Medical device companies and acute care facilities have traditionally relied on manual inventory management approaches. However, this is no longer viable for many reasons and forward-thinking companies are embracing automated solutions instead. These solutions not only help to track inventory items, but they also save time, money, and improve relationships between medical device companies and acute care facilities.
Manually tracking medical devices is out-dated and fraught with challenges
Manual tracking of medical devices introduces a number of challenges, some of which emerged only within the last several years. “Top of mind most currently is the lack of labor,” explained Joe Pleshek, CEO of Terso Solutions. Many medical device companies traditionally rely on sales representatives to check inventory while onsite with a customer. However, recent staffing shortages and pressure to reduce costs are forcing companies to change their approach. “Medical device manufacturers are looking at right-sizing their sales forces,” Pleshek continued. “They just cannot have those folks spending time counting items manually.”
Another major issue with manual tracking is human error. “Anytime you are doing something manually, it is ripe for errors,” Pleshek described. There are many areas of healthcare that moved from manual tracking to automation due to the highly controlled nature of the products involved. For example, in the blood product supply chain there is a need to manage different products, varying expiration dates, and inventory assigned to individual patients (Gunawardana, K.D.R. et al, 2020). To avoid manual errors resulting in blood shortages and increased risk of mortality, as a best practice health systems manage their blood supplies using automation.
Over-stocking is not the answer
In the past, medical device companies and health systems relied on over-stocking inventory to prevent running out. However, with the increased pressure to save money that approach is no longer viable. “Inventory is money,” Pleshek stated. “Inventory is a balance sheet item that could be used to buy another CT machine or expand the hospital.”
One area of healthcare that historically relied on overstocking is pharmaceuticals. Drug shortages are a major issue in hospital systems and one cause is inefficient supply chains (Zwaida, T. et al, 2021). Many healthcare organizations try to solve this problem by keeping ‘safety stock.’ However, this approach increases the cost to buy, store, and manage expiration of drugs. “Because of product obsolescence, expiry, and chances for inventory to be compromised, you end up with a lot of waste,” Pleshek explained.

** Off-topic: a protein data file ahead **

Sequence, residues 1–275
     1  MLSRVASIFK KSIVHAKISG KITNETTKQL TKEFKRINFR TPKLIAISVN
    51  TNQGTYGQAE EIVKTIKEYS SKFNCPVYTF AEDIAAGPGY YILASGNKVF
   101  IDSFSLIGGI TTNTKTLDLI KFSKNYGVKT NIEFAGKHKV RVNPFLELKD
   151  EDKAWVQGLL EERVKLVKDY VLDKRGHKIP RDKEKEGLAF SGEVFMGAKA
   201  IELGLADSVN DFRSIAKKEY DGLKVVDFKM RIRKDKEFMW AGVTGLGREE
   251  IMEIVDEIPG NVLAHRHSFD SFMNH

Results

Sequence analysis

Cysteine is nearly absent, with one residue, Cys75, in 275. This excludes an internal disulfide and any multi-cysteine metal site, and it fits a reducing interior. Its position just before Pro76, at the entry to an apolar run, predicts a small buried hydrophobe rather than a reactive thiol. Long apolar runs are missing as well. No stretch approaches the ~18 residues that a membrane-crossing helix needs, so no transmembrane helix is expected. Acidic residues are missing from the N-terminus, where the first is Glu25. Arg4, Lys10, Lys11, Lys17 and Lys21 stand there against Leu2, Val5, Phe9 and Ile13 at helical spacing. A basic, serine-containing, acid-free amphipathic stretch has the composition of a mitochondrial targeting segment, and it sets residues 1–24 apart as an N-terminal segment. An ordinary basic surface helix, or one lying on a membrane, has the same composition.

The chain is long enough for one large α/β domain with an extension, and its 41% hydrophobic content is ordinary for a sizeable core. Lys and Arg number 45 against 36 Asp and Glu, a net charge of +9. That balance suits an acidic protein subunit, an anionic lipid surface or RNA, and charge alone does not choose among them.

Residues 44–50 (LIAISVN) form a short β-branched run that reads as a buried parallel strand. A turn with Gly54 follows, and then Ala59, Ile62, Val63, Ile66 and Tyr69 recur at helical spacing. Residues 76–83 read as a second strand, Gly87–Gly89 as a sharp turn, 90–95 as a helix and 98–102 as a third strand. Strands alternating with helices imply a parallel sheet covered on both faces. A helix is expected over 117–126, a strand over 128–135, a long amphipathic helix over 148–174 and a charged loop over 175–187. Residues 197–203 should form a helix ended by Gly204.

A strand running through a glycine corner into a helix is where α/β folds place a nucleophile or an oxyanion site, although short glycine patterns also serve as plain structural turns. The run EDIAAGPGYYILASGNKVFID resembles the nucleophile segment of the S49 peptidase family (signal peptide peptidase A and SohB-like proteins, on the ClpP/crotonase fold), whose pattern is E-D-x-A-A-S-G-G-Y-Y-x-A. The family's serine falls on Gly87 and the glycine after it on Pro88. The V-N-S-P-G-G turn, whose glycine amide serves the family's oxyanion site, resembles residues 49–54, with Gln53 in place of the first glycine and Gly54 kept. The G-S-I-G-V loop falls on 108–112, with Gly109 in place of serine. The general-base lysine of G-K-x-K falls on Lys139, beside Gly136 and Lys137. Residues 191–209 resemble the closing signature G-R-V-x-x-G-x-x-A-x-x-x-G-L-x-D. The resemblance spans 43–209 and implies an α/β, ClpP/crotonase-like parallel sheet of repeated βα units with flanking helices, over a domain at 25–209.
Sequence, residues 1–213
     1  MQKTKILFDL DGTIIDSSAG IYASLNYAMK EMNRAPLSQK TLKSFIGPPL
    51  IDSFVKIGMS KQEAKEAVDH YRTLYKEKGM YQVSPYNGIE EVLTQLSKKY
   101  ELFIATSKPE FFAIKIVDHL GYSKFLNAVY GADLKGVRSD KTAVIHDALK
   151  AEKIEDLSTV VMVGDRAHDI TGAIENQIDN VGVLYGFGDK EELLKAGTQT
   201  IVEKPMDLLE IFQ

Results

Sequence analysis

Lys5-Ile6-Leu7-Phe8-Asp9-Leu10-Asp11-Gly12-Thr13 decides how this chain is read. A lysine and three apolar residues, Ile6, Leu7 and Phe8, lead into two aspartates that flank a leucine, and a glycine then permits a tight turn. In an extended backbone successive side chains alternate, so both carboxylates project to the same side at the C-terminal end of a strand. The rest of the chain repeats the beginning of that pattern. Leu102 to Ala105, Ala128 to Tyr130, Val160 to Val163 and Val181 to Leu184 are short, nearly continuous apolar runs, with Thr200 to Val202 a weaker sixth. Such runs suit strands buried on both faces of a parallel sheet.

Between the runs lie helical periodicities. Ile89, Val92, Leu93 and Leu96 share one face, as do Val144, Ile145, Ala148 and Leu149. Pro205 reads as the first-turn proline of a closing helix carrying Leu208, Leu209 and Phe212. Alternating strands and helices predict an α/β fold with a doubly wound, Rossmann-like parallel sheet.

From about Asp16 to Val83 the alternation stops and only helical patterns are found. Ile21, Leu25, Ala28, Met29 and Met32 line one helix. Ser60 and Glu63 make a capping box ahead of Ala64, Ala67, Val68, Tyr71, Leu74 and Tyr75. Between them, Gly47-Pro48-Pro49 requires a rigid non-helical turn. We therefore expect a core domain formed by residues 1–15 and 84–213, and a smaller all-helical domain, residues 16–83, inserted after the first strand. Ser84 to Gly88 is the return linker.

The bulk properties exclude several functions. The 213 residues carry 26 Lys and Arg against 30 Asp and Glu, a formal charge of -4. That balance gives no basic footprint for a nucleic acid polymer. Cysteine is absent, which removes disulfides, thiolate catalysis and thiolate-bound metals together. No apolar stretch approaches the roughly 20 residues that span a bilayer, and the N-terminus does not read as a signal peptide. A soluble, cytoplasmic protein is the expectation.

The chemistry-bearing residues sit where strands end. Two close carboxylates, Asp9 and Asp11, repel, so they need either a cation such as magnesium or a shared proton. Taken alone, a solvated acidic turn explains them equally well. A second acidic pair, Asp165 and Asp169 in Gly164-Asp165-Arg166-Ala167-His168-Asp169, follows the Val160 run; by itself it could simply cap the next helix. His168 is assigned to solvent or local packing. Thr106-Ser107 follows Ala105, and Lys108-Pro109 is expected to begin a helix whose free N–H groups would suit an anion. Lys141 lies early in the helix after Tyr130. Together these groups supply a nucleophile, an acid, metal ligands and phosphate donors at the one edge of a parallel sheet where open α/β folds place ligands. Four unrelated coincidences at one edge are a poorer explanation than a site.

Automation provides the solution and improves collaboration
Leading-edge companies are turning to fully-connected, automated inventory management solutions that use sensing technologies like UHF RFID to provide real-time information across the supply chain. “To know, without manual intervention, where an inventory item has been or when it has been consumed can really drive value into the process,” Pleshek stated. “That item can be replenished quickly and efficiently, which can drive down the amount of inventory you carry.”
Technology like UHF RFID has the capability of providing real-time visibility to high-dollar inventory across complex systems, including acute care settings and in the field. This approach could improve the relationship between medical device companies and acute care facilities. “The technology can enable collaboration,” Pleshek described. “For years, what we have heard between the medical device manufacturers and the healthcare providers is, ‘We want to collaborate. Let’s talk about supply chain and building better relationships.’ Really what they meant was they wanted a lower price. But that is changing and one of the areas of collaboration is sharing inventory information, which can result in time and cost savings.”
Medical device companies need to keep pace with providers
Even before the COVID-19 pandemic, major health systems were in the process of adopting technology to support processes from patient admission to revenue cycle. The pandemic accelerated the trend. “In talking with health care providers, they are definitely recognizing the significance of automated processes relating to their systems,” Pleshek recounted. “Medical device manufacturers need to understand that because it’s a real opportunity for them to implement point-of-use sensing technology.” Medical device companies that continue to rely on manual tracking will likely find themselves at a disadvantage in the future. “Those medical device manufacturers that are proactive can have an advantage over their competition,” Pleshek concluded.